Meet the talents currently reshaping Australian culture, from stage to gallery to turntable. Remember these names.

Harper's BAZAAR Australia, June/July 2013.

Owl Eyes, Singer/Songwriter
The new darling of pop, a.k.a. 22-year-old Brooke Addamo, is a Melbourne chanteuse with creamy vocals and a sophisticated synth-pop sound. Addamo has been singing since she was 12, after her parents enrolled her in lessons to combat a growing shyness. She then developed a love for the performing arts, signing up for musicals and writing music throughout her teens. “I always knew I wanted to do this,” she says. “I’m lucky my parents were supportive, so that pushed me to say, ‘I can do this as a career’.” After the release of three EPs to critical acclaim, Addamo’s debut album, Nightswim, is out now. “I’m not going to shy away from the f act I make pop music,” she says. “I just hope that what I do is a little bit more intelligent than some of the stuff out there.”
Music muses: Ella Fitzgerald, Sarah Blasko and Clare Bowditch
Style: “I love Australian labels: Romance Was Born, Dion Lee, Emma Mulholland and Natasha Fagg. I like to support up-and-coming local designers.”
Listening to: Metronomy, Phoenix and Jai Paul.

Nervo, DJs/Producers
Melbourne-born twins and former models Miriam and Olivia Nervo make up what is arguably the hottest DJ duo in the world right now. They co-wrote the euphoric, Grammy Award-winning dance anthem When Love Takes Over by David Guetta and Kelly Rowland, have been snapped up as faces of CoverGirl, were picked to tour with Britney Spears and Nicki Minaj, and have penned hits for Kylie Minogue, Ke$ha and Pussycat Dolls. Finally, after years of behind-the-scenes ghostwriting, the pair are working on their debut record.
Top three party tracks:
Showtek & Justin Prime: Cannonball (Original Mix)
Nervo & Hook N Sling: Reason (Original Mix)
Nari & Milani vs. Otto Knows vs. One Republic: Million Atoms to Apologize (Hardwell vs. Thomas Gold Edit)
Inspirations: Basement Jaxx, Fat Boy Slim, The Prodigy, Jamie Jones
Beauty must-haves: CoverGirl Outlast Stay Brilliant Nail Gloss; La Prairie Skin Caviar Luxe Cream; coconut water
Best party city: Ibiza

The Apairy, Film Collective
Fantasy, mystery and beauty — not words normally associated with documentary filmmaking. That is unless you live within the cool world of Gavin Youngs and Lily Coates, a.k.a. The Apiary. The Melbourne-based duo has been producing short films, documentaries and stage projections for The Australian Ballet for more than three years — understandably, as they have a rare ability to go behind the scenes while keeping intact the enigmatic allure of ballet. Following their success with various dance and fashion films, as well as commissions from SBS’s subscription channel Studio and Arts Victoria, Youngs says they’re increasingly being approached by major companies and given complete creative control to produce super-stylised work that evokes a brand’s essence, minus any logos or corporate ownership. “It does seem that companies are moving away from direct branding to create more of a ‘feeling’,” he says. “Feeling” is another word for The Apiary’s signature mix of emotion, narrative and fairy dust. Who wouldn’t want to be part of their world?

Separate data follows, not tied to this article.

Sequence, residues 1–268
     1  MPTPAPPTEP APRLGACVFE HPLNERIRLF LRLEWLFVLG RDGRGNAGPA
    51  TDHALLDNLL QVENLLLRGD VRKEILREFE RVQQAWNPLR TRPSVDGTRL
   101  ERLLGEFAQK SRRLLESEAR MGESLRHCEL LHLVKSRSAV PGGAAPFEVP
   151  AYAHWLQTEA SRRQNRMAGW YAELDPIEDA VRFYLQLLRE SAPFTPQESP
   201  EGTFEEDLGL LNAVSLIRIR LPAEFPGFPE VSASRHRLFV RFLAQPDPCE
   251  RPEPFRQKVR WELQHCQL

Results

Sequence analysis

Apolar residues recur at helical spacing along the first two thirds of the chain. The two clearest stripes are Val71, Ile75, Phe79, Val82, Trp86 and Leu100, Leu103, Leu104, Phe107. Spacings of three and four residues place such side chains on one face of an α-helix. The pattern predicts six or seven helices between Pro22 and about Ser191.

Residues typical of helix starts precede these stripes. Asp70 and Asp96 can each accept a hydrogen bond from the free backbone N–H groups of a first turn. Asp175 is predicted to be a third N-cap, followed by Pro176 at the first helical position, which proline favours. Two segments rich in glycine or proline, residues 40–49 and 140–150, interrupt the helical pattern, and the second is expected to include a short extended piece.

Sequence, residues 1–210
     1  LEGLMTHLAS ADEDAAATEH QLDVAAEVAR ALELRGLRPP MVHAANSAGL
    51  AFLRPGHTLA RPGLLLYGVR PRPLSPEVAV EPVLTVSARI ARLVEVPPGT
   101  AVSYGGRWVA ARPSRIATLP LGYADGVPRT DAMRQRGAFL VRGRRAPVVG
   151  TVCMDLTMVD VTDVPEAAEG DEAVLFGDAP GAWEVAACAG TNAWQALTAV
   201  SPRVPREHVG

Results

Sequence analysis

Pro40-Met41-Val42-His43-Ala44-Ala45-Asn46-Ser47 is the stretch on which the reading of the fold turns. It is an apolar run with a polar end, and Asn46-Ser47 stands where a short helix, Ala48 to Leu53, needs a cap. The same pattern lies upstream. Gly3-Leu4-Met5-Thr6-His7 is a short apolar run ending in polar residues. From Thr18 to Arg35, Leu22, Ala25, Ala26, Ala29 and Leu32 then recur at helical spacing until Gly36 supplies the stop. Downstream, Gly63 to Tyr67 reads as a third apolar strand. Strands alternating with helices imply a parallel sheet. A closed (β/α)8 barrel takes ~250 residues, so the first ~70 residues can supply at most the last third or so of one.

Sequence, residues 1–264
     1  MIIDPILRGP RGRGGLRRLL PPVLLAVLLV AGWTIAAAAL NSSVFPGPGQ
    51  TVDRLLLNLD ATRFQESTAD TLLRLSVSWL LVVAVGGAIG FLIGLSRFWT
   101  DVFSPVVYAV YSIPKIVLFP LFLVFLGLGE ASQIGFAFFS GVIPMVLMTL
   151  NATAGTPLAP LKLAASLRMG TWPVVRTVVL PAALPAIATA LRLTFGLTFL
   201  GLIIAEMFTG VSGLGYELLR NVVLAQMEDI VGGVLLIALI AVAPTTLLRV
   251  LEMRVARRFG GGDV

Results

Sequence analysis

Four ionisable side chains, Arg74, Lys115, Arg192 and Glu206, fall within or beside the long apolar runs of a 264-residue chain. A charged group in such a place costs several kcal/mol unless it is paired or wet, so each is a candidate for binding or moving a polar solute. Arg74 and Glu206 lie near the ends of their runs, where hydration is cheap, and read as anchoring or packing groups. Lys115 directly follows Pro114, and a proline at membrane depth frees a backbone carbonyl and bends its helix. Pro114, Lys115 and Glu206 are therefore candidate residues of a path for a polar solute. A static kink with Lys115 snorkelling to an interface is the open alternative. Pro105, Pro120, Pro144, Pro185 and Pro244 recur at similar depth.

The Apiary’s new film, Ballet Men, will premiere on The Australian Ballet’s YouTube channel,, this month;

Inspirational places: MONA; Théâtre des Champs-Elysées, Paris; cross-country trains
Online addictions:;
Favourite filmmakers: Michael Haneke, Alejandro Jodorowsky, Louis Malle

Sam Strong, Director
The newly appointed associate artistic director of the Melbourne Theatre Company is a lesson in following passions. Up until only a few years ago, Strong was a lawyer-slash-dramaturge about to become a bar-at-law before his longtime love of theatre won out. Following work with independent companies including Chapel off Chapel, Melbourne’s La Mama, Red Stitch and the Griffin Theatre, Strong has joined the MTC during an exciting time — the 2013 season is perhaps its most anticipated to date. This month, Strong directs David Wenham in what he refers to as his “dream project”, Arthur Miller’s The Crucible. “It’s one of the most powerful experiences you can have at the theatre, and unleashing that power on an audience, with some of Australia’s finest actors, is a real privilege,” he says of the project.
Strong has built a reputation for favouring intense emotion and audience-moving themes and says he only intends to take his work ever higher, rattling off a near-future wish list that includes tackling iconic plays such as Chekhov’s The Seagull and Samuel Beckett’s Endgame, as well as trying his hand at opera and feature films. The future of Australian theatre? He is, undeniably.
The Crucible is on June 22–August 3, Southbank Theatre,
Biggest inspiration: “I’m most inspired by listening to and playing music. Whenever I’m working on a show I will make a deliberately eclectic playlist.”
Strong’s The Crucible playlist:
1.“The Girl with the Dragon Tattoo soundtrack by Trent Reznor and Atticus Ross. Especially the track Later Into the Night, for its gloom and ominous mood.”
2. “The Chaconne from the Violin Partita
in D Minor, because it’s Bach being both precise and passionate.”
3. “The soundtrack to Ulysses’ Gaze by Eleni Karaindrou, especially Ulysses’ Theme for its haunting effect with minimal elements.”
4. “We Are Never Ever Getting Back Together by Taylor Swift, because it’s teenage like the girls in The Crucible — and it’s catchy.”
“Cross Road Blues by Robert Johnson, for another version of pacts with the devil and its rustic simplicity.”